Great challenges face the global community, including the United States, with the worldwide re-emergence of TB and increased number of multi-drug resistant. GeneXpert for TB diagnosis: planned and purposeful implementation .. for many countries because the software is currently only in English. Diagnosing Pulmonary Tuberculosis with the Xpert MTB/RIF Test . Note: Before starting the test, ensure that the GeneXpert Dx System is.
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Tuberculosis TB continues to be one of the greatest killers in the world due to infectious disease, claiming over 1. Many people die from TB because their diagnosis is delayed, and the epidemic continues to endure because we are unable to significantly reduce transmission with current diagnostics. Sputum smear microscopy remains the most common way to diagnose pulmonary TB.
A more sensitive approach to diagnosis is to culture sputum samples, which can include testing for drug resistance. However, such techniques require expensive and sophisticated laboratory infrastructure and staff, and it can take weeks or months to obtain results.
Realistically, most people who need culture tests to diagnose their TB will not have access to the test results in time to save their lives or to prevent transmission to others. However, a key question looms large: Do resource-constrained countries have the technical and financial resources to appropriately and adequately implement this new test?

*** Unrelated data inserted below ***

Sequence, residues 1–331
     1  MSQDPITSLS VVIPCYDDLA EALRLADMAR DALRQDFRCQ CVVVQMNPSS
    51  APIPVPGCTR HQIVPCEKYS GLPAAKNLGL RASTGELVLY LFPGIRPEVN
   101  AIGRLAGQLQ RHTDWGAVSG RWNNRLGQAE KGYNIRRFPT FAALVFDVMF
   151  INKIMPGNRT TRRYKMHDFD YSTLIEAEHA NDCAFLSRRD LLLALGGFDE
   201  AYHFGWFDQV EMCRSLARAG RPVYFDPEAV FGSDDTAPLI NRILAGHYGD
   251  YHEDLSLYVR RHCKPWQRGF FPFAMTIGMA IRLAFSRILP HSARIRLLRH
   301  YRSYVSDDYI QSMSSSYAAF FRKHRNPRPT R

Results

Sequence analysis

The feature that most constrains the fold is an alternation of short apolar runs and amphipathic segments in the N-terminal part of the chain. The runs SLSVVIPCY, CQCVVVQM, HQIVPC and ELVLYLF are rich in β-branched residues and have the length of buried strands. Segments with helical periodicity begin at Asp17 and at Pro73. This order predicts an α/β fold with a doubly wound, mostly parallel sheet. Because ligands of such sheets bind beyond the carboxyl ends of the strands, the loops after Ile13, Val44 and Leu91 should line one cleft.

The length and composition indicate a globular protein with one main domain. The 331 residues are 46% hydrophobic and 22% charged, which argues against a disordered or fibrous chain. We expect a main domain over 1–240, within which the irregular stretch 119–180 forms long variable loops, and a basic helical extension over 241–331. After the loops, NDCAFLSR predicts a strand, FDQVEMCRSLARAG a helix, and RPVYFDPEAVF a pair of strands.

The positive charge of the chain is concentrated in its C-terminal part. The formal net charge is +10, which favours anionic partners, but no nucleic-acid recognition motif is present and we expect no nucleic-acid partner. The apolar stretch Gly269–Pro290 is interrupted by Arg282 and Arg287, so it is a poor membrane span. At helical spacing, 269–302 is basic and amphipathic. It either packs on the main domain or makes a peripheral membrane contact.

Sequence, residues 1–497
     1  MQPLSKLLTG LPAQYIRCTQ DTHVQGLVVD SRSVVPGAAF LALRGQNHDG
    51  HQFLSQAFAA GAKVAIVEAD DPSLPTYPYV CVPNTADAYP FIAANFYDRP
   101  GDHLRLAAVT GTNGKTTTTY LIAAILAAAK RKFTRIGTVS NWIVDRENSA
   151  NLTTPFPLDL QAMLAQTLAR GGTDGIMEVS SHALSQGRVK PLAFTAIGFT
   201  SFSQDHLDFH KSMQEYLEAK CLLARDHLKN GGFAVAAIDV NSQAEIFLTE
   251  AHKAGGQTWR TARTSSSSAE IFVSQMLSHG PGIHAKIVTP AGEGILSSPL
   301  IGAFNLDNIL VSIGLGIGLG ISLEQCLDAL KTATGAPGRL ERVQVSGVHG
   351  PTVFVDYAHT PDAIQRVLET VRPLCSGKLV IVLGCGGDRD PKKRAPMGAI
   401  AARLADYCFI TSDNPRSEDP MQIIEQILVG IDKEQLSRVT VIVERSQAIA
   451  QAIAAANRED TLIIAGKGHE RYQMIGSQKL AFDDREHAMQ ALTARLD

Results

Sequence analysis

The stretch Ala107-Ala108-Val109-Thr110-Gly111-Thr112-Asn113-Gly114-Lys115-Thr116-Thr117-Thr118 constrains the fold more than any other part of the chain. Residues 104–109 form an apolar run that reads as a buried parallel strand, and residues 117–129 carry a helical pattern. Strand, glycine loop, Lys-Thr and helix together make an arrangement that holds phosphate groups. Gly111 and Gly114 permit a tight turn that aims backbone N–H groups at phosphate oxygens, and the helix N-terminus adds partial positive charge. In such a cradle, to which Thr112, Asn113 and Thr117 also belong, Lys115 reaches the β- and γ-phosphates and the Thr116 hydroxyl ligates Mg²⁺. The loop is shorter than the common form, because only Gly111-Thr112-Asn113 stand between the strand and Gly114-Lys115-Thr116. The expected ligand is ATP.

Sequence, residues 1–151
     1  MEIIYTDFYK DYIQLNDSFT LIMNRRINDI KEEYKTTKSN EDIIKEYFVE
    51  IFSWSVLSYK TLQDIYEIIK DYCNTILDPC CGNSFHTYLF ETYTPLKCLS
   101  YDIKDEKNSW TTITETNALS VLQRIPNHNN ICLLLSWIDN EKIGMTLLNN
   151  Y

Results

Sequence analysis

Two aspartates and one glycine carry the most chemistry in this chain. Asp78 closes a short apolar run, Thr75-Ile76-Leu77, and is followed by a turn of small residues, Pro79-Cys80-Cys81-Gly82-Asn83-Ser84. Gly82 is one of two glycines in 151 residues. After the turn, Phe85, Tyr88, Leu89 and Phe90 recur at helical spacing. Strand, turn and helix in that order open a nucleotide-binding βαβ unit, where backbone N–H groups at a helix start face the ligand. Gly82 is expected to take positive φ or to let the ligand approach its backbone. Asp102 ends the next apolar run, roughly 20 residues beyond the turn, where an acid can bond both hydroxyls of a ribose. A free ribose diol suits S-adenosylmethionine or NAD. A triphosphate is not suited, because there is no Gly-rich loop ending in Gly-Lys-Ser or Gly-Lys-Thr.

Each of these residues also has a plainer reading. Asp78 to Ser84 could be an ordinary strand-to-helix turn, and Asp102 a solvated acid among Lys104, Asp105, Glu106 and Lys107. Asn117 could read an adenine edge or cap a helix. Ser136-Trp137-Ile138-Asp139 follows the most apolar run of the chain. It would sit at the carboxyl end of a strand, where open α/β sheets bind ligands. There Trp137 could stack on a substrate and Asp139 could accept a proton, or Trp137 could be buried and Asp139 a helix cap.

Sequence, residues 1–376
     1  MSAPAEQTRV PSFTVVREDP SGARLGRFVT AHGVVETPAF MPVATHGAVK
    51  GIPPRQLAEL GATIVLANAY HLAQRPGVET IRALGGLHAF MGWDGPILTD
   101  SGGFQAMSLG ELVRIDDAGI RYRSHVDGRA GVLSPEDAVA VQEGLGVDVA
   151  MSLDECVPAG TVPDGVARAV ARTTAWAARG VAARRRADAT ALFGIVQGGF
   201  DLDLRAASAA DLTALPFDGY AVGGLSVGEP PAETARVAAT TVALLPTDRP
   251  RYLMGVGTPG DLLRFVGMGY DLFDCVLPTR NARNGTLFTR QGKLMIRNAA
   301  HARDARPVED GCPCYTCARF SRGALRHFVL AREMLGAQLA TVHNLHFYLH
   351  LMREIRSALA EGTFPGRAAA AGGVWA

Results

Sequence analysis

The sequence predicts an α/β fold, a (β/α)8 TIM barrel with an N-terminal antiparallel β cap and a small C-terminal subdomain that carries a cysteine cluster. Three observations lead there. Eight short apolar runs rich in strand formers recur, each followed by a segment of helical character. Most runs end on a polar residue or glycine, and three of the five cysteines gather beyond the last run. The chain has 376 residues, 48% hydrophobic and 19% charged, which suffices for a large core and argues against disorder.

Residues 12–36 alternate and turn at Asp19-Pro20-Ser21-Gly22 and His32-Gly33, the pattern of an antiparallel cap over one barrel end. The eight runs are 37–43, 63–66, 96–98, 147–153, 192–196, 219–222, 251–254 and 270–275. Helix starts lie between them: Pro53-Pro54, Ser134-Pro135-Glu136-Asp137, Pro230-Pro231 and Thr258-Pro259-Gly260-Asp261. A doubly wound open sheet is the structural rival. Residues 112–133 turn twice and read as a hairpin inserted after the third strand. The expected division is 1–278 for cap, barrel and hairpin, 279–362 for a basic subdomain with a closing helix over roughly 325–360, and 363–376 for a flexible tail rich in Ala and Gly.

If so, how should they proceed? Xpert is more sensitive than sputum smear microscopy in detecting TB, and it has similar accuracy as culture.
Conventional culture and drug-susceptibility testing [DST] are still required to complete the drug-resistance profile and to monitor treatment. It also has operational limitations, such as the need for a sustained power supply. However, Xpert is intended to be used at facilities close to the patient to reduce the time to diagnosis and TB treatment initiation. Performing the Xpert assay is relatively simple and involves minimal specimen manipulation.
Diagnosing Pulmonary Tuberculosis with the Xpert MTB/RIF Test
However, the numerous operational and programmatic requirements associated with the assay and its results cause implementation to be less easy than expected. Priority requirements include both operational and programmatic considerations. To maximize the impact, these projects support not only machine and cartridge procurement but also the MOHs, by providing tuherculosis technical assistance toward operational and programmatic requirements.